FILE - Chinese ships chase Vietnamese vessels, not shown, after they came within 10 nautical miles of a Chinese oil rig in the South China Sea, July 15, 2014.
FILE - Chinese ships chase Vietnamese vessels, not shown, after they came within 10 nautical miles of a Chinese oil rig in the South China Sea, July 15, 2014.

While a resolution to the South China Sea disputes is unlikely in the near future, improving ties between Beijing and Manila could bode well for maritime peace in the region. 

When Philippine President Rodrigo Duterte visited China in October, some worried he was pivoting away from the United States. But Tran Truong Thuy, executive director of the Foundation for East Sea Studies in Hanoi, thinks this is good news for the South China Sea. 

At The Economist magazine’s recent Vietnam Summit in Ho Chi Minh City, he said that if China is getting friendlier with the Philippines, then it is unlikely to threaten that progress, for example, by reclaiming islands near the Philippines.

“For China now to conduct reclamation, it would turn back normalization in relations between China and the Philippines,” said Thuy, whose institute takes the Vietnamese name of the South China Sea. “And I think in the near future, in the short, near future, I don’t think China will conduct this kind of activity.”

The rapprochement between Manila and Beijing is all the more unexpected because the Hague-based Permanent Court of Arbitration ruled in July that China’s island-building encroaches on Philippine waters. Manila used to be the most vociferous opponent of Chinese territorial claims in the region, but that all changed when a new president took over this summer.

“The Duterte administration has chosen to downplay the ruling. They acknowledge that it exists, but they haven’t pushed it in China,” said Ian Storey, a panelist at the summit and senior fellow at the Institute of Southeast Asian Studies’ Yusof Ishak Institute in Singapore.

Storey said Vietnam, Malaysia, Brunei, and Taiwan probably perused the court case, which was filed by the Philippines, in case their South China Sea disagreements ever end in blows. But he saw that as a last resort, as the smaller claimants are unlikely to poke China.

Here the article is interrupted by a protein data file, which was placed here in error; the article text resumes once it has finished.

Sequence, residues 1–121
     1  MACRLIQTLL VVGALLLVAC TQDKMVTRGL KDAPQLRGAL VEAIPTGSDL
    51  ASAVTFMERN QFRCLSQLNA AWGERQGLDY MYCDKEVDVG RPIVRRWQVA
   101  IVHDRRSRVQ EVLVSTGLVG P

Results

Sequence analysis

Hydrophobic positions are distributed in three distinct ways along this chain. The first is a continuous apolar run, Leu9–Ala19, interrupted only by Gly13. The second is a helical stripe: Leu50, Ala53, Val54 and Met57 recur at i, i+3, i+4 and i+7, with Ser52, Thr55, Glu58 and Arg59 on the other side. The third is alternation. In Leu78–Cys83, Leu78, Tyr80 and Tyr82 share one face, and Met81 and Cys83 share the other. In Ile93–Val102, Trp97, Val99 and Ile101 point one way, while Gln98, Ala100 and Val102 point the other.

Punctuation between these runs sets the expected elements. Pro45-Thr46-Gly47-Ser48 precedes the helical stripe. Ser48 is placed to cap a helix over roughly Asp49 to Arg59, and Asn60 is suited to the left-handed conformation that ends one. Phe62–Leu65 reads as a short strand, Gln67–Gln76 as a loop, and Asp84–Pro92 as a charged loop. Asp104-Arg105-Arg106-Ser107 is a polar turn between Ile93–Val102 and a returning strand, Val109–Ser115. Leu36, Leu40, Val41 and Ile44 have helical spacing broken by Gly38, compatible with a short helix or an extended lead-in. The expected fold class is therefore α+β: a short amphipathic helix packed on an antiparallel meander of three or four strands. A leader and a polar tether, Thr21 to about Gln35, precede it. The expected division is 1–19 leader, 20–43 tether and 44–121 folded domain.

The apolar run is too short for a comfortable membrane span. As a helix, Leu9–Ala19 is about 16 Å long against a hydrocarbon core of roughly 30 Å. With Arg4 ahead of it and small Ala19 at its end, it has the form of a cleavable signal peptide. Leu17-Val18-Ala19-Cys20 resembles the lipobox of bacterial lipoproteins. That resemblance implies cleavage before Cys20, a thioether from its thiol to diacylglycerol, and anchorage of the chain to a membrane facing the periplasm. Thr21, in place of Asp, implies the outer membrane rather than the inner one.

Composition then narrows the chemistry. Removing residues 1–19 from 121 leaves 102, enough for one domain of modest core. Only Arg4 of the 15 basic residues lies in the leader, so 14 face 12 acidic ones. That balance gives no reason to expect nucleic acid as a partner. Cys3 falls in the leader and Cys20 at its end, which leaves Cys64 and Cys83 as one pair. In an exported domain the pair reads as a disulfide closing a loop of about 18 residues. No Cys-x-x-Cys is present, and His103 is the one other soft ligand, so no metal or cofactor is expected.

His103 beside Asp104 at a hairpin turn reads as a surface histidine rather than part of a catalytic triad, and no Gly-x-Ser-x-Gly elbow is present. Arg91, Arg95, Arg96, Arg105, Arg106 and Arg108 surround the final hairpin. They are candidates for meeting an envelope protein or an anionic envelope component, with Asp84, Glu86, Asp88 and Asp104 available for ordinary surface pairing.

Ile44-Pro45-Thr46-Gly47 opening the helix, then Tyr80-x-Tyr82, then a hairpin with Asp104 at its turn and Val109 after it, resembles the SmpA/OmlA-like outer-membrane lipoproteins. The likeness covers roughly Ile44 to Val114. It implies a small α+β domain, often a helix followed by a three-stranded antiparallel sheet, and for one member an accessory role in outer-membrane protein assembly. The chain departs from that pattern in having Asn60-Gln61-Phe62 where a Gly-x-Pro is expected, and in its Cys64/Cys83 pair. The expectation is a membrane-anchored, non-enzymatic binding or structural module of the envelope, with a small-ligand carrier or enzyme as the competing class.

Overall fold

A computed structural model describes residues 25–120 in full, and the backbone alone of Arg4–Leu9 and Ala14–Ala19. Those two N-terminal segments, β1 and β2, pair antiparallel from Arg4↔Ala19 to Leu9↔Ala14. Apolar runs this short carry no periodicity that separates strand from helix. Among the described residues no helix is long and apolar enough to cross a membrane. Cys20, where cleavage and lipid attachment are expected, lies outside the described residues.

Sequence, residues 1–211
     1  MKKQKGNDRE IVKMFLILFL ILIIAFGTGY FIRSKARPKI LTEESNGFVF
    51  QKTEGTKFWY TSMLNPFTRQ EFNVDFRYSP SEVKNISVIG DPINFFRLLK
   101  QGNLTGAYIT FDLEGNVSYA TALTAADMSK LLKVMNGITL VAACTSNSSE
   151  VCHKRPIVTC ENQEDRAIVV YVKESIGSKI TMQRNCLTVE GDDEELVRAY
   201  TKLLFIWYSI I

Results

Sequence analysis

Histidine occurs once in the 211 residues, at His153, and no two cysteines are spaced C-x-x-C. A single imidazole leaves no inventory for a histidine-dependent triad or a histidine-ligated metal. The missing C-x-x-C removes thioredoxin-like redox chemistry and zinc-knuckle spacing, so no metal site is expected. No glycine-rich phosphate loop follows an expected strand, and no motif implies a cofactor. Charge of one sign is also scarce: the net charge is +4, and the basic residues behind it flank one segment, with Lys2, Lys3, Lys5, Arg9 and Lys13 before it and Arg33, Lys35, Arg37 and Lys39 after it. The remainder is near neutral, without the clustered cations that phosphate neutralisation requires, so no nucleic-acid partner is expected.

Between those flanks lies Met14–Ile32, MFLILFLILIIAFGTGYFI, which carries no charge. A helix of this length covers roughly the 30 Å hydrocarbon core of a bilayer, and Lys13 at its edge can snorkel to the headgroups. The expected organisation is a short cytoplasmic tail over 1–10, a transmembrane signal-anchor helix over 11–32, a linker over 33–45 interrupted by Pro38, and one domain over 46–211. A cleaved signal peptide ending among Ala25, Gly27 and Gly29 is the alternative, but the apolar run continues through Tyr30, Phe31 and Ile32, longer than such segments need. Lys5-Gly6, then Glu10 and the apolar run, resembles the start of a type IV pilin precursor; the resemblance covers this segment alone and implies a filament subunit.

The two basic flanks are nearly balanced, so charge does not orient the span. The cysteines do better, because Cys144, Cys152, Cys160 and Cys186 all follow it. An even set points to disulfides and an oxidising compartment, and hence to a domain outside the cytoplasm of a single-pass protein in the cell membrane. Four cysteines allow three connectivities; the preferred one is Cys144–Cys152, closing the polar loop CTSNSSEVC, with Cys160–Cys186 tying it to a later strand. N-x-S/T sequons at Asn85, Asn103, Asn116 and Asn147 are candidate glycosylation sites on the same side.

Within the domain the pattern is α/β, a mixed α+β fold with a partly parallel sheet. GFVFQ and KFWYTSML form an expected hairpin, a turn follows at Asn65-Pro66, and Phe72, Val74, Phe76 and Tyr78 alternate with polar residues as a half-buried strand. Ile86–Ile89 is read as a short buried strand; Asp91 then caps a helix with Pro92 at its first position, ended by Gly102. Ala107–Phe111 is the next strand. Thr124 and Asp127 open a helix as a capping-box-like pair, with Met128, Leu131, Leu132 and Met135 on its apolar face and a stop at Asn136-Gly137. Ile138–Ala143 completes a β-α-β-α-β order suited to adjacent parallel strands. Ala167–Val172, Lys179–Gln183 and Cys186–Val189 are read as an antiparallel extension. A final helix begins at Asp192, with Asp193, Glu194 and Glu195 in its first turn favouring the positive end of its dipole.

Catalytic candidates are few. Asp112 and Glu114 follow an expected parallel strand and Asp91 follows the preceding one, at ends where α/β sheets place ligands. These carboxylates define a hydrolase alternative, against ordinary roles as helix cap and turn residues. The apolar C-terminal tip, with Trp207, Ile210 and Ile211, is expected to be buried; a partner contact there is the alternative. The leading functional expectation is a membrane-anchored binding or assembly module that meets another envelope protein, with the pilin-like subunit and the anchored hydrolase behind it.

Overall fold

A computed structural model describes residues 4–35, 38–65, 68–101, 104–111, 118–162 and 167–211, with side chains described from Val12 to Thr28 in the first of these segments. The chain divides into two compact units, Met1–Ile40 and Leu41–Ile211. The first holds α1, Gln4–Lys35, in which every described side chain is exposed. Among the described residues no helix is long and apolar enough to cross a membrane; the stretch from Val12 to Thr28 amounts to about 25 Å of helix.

“Because the Philippines has decided not to push it, I don’t think any other Southeast Asian country is going to step in and do that,” Storey said.

For its part China, doesn’t seem to be pushing for conflict lately according to Bill Hayton, author of the book South China Sea: The Struggle for Power in Asia. He argued that although Beijing balked at the Hague’s determination, its actions since the summer have been consistent with the ruling.

“It is actually complying. It’s just allowed Vietnamese or, Philippine fishermen to go back to Scarborough Shoal,” he said.

Hayton added that Beijing’s non-aggression is further evidenced by interactions with Hanoi. Armed clashes seemed a possibility two years ago, when China explored for oil in a part of the South China Sea claimed by Vietnam.

“Ever since the 2014 oil rig incident, in which it lost so badly -- Vietnam played a very good game back in 2014 -- China has not drilled for oil in the wrong places,” Hayton said.

There appeared to be a consensus on the panel that overlapping claims to the South China Sea are here to stay, along with what could become a permanent Band-Aid: accepting the status quo to keep the waters calm.